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Poetry of Issue #8        Page 46

Des eaux d’au-dessous d’Odessa

The waters lap down below this city of
stairs, the stars reflect in them.
The waters lap
The waters lap at Brighton Beach
and crash.
The waters crash
The waiters crash dishes and pans,
the waters crash
at Odessa.
Одесса, the waiters
The dancers and long tables.
What is that you hear at the
bottom of the stairs?
Waiters crash
Waters crash
Waters lap
at Odessa.

He found a parking space after one
whole hour of driving around with
many false starts and stops,
false prospects. He asked a cop.
He asked some pedestrians and some
residents of the apartment building.
He checked for signs.
There was every indication that it was safe,
that it was safe and legal,
that it was safe and legal to park.
All ist klar, Herr Kommissar.
Don’t turn around.

He is asked to remove his coat,
but it is not a coat.
He is asked by the bouncers
with Russian accents
to remove his coat,
but it is not a coat.
He is asked to remove his coat,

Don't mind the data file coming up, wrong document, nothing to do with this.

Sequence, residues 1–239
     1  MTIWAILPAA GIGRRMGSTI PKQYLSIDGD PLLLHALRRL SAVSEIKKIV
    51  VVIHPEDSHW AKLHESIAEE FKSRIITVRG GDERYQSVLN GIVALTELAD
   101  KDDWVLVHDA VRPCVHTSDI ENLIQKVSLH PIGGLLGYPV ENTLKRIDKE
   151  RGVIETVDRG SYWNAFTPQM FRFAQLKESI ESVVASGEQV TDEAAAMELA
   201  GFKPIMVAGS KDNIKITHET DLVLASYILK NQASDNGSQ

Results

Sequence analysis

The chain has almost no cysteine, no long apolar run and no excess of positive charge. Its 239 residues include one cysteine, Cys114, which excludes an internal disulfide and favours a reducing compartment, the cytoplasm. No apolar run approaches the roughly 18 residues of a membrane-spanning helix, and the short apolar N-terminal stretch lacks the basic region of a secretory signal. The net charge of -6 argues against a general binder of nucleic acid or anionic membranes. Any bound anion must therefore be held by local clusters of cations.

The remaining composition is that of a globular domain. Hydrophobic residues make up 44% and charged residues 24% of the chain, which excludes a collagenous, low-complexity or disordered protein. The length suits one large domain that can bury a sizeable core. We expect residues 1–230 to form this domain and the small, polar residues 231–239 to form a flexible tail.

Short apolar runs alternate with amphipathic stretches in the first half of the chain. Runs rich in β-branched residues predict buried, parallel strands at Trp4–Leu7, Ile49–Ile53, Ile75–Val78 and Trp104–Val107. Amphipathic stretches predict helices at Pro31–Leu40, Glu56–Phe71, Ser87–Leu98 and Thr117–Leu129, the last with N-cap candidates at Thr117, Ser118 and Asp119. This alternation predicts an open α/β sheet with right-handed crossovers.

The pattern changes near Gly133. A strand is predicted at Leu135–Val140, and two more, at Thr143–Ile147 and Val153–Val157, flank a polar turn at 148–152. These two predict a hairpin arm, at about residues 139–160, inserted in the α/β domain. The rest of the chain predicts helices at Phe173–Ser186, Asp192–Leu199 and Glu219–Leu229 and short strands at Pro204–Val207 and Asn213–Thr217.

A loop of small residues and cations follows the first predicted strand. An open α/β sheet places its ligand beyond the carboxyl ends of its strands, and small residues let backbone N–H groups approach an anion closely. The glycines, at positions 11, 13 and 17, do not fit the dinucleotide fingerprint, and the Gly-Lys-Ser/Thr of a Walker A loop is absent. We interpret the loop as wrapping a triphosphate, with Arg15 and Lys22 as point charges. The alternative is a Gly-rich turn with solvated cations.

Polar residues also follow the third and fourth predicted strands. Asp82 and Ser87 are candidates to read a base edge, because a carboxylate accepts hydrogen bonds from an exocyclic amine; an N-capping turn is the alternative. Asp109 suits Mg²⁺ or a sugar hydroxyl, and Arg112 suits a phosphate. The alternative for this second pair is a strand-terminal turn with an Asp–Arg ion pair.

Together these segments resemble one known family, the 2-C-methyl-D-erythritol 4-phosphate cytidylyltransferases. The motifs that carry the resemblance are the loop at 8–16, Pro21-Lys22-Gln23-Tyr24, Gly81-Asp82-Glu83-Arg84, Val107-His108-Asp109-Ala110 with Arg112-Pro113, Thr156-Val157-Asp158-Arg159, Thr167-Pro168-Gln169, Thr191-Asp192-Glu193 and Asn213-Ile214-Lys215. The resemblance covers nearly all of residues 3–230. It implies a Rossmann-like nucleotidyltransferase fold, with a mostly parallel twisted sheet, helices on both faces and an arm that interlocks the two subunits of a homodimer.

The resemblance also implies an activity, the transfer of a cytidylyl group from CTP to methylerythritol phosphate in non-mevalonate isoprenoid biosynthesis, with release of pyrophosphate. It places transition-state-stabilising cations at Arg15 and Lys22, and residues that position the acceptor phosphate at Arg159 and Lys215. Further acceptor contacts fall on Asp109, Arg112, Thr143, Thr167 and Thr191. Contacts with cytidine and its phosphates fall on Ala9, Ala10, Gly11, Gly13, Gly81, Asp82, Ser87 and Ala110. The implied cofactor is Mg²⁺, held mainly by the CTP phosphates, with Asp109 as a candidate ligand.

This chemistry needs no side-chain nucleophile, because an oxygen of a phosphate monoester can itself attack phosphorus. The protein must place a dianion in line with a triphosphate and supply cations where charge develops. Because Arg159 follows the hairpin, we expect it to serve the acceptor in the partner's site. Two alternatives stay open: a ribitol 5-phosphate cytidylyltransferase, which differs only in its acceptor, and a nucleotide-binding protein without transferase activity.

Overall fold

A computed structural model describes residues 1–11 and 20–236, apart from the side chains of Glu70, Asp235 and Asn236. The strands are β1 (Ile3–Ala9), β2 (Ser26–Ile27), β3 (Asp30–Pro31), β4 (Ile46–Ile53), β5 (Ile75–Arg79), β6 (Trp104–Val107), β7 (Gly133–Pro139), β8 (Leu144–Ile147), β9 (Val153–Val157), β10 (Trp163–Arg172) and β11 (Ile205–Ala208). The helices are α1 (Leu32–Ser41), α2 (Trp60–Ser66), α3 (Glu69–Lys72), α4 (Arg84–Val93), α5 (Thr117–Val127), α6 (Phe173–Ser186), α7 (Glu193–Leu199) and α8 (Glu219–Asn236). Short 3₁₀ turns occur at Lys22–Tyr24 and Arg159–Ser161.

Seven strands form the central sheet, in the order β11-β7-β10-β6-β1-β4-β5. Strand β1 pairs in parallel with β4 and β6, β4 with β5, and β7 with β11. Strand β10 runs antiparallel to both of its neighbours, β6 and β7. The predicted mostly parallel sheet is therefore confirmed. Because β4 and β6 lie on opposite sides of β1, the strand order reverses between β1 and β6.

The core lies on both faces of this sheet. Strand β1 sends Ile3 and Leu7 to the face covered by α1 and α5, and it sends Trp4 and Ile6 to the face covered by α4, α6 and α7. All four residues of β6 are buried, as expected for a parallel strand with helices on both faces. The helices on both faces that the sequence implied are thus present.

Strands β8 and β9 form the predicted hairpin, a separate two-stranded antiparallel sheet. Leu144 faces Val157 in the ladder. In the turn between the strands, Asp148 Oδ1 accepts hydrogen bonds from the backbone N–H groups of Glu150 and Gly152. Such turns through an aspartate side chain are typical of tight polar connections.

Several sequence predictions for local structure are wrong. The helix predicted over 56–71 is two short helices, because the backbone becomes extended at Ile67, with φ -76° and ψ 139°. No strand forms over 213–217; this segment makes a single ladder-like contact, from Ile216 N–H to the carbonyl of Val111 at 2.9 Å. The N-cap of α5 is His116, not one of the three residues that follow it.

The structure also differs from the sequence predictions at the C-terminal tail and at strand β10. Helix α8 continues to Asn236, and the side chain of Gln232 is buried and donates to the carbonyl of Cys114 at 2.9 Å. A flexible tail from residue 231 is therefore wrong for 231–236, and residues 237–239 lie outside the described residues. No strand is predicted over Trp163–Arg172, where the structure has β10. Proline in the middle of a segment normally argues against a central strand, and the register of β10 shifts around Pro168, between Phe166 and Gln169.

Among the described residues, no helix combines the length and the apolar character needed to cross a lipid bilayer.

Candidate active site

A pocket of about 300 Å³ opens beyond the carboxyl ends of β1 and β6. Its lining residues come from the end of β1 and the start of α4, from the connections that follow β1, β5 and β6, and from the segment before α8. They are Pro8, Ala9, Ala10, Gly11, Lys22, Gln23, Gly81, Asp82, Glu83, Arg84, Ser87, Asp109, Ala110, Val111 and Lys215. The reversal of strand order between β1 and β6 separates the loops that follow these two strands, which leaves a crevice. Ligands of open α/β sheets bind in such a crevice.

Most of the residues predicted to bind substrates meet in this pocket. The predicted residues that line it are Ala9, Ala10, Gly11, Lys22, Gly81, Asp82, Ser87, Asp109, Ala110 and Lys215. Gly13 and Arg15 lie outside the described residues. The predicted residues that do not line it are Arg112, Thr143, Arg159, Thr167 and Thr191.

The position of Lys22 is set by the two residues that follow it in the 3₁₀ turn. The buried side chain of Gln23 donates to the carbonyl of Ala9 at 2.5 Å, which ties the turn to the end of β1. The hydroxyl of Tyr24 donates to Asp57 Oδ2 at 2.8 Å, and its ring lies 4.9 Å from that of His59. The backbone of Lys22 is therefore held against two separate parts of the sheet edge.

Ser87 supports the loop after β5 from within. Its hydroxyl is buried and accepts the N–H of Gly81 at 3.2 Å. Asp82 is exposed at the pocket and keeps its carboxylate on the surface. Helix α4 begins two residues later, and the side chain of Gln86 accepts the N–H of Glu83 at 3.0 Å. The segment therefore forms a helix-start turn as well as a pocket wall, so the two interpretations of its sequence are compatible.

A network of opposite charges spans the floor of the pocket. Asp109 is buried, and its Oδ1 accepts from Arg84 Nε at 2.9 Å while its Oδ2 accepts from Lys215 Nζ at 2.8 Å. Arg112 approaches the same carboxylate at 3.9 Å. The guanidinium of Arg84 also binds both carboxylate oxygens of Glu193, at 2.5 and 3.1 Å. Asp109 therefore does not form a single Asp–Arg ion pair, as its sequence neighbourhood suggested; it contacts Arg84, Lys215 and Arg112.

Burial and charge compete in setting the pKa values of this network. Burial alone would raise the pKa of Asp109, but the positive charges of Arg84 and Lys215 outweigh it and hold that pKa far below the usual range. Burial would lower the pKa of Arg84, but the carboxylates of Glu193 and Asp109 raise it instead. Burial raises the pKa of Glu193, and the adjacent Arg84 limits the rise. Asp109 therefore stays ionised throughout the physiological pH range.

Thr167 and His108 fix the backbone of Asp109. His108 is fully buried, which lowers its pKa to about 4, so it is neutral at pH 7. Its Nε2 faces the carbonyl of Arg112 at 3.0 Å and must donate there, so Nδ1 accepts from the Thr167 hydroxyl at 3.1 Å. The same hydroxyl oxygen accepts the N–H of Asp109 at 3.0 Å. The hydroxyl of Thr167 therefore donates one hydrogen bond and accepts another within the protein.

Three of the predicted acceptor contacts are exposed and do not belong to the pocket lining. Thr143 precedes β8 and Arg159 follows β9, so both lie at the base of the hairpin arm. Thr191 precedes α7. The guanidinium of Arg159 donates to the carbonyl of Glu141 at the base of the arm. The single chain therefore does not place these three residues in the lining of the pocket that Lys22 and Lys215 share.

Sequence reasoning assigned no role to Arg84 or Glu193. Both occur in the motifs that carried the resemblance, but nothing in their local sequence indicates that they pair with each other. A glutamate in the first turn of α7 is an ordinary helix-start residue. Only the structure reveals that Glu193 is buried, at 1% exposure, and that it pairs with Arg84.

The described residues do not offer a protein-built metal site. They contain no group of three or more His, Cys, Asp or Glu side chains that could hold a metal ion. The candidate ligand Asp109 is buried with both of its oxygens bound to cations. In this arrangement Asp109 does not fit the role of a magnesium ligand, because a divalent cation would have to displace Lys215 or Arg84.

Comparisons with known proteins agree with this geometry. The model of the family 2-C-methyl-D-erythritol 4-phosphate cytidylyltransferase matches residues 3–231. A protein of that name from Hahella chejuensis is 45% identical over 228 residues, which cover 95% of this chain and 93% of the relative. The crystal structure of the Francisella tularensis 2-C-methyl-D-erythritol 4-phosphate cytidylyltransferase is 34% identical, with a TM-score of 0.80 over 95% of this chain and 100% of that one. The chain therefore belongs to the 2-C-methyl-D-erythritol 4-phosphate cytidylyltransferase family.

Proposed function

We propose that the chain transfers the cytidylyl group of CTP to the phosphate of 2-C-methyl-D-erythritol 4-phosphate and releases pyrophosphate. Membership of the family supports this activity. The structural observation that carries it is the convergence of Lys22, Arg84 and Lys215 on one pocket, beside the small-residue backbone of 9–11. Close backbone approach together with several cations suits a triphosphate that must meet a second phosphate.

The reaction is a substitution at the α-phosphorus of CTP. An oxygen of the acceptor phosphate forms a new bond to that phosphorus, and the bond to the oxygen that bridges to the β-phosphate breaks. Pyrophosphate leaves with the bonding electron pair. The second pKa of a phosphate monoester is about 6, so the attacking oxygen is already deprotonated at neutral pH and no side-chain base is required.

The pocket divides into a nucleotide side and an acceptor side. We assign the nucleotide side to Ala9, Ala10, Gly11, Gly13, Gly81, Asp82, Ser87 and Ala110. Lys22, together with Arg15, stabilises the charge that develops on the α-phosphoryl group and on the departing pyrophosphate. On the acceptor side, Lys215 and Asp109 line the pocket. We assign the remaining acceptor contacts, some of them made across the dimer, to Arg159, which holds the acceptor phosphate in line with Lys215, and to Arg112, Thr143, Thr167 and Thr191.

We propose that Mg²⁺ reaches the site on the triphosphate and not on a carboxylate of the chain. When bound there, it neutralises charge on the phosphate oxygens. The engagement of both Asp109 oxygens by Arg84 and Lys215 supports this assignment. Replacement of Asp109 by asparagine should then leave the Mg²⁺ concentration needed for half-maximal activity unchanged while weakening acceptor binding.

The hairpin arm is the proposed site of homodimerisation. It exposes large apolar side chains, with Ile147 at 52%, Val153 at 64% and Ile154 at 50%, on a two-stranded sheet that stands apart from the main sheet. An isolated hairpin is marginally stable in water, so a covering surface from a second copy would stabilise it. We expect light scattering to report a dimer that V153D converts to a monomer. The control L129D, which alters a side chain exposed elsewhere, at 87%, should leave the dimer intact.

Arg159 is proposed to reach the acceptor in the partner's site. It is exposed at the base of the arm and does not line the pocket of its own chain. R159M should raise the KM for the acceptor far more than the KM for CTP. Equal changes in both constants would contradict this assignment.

but it is a jacket, a blazer of leather,
and no, he thinks to himself, I am
not packing a gun.

The ladies, born in the days of Stalin,
the ladies, with heavy rouge and heavy jewelry,
dance around him, rubles and oodles of money
dripping off them.

The vodka flows,
the waters crash.
The waiters crash.
The bear dances, the great bear,
dances on the table.
“Dance like bear,” Stalin orders Khrushchev.
Khrushchev dances.
The waters lap down below this city,
The waters lap.
Cultures clash.
The waters crash.

He finds a $100 parking ticket on his car.
What is that in rubles?

He reflects on the Persian hypnotizing the
Golden Lotus on the dance floor,
the Russian ladies on the dance floor,
the vodka,
the endless salmon and caviar.
The vodka.

The drive home is forgotten.
The mob crashes.
The waters lap.



JOHN J. TRAUSE